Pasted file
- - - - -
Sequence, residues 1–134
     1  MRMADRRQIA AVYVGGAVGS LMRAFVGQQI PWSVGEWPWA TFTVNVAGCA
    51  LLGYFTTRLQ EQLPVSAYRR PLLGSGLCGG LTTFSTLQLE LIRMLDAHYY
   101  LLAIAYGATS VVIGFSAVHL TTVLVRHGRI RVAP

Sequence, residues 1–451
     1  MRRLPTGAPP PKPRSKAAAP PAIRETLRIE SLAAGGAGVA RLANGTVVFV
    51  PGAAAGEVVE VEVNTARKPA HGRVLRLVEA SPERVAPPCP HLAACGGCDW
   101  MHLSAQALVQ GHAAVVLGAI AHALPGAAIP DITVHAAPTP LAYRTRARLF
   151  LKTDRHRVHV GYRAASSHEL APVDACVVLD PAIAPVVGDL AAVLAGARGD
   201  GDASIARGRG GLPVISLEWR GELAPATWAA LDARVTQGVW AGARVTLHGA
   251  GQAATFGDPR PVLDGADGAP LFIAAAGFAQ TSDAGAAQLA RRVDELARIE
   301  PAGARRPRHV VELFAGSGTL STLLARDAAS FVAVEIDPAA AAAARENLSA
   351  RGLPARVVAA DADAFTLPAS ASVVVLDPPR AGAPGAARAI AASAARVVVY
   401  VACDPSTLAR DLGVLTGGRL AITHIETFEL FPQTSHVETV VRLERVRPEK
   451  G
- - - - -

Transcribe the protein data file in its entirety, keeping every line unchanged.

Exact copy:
Sequence, residues 1–134
     1  MRMADRRQIA AVYVGGAVGS LMRAFVGQQI PWSVGEWPWA TFTVNVAGCA
    51  LLGYFTTRLQ EQLPVSAYRR PLLGSGLCGG LTTFSTLQLE LIRMLDAHYY
   101  LLAIAYGATS VVIGFSAVHL TTVLVRHGRI RVAP

Sequence, residues 1–451
     1  MRRLPTGAPP PKPRSKAAAP PAIRETLRIE SLAAGGAGVA RLANGTVVFV
    51  PGAAAGEVVE VEVNTARKPA HGRVLRLVEA SPERVAPPCP HLAACGGCDW
   101  MHLSAQALVQ GHAAVVLGAI AHALPGAAIP DITVHAAPTP LAYRTRARLF
   151  LKTDRHRVHV GYRAASSHEL APVDACVVLD PAIAPVVGDL AAVLAGARGD
   201  GDASIARGRG GLPVISLEWR GELAPATWAA LDARVTQGVW AGARVTLHGA
   251  GQAATFGDPR PVLDGADGAP LFIAAAGFAQ TSDAGAAQLA RRVDELARIE
   301  PAGARRPRHV VELFAGSGTL STLLARDAAS FVAVEIDPAA AAAARENLSA
   351  RGLPARVVAA DADAFTLPAS ASVVVLDPPR AGAPGAARAI AASAARVVVY
   401  VACDPSTLAR DLGVLTGGRL AITHIETFEL FPQTSHVETV VRLERVRPEK
   451  G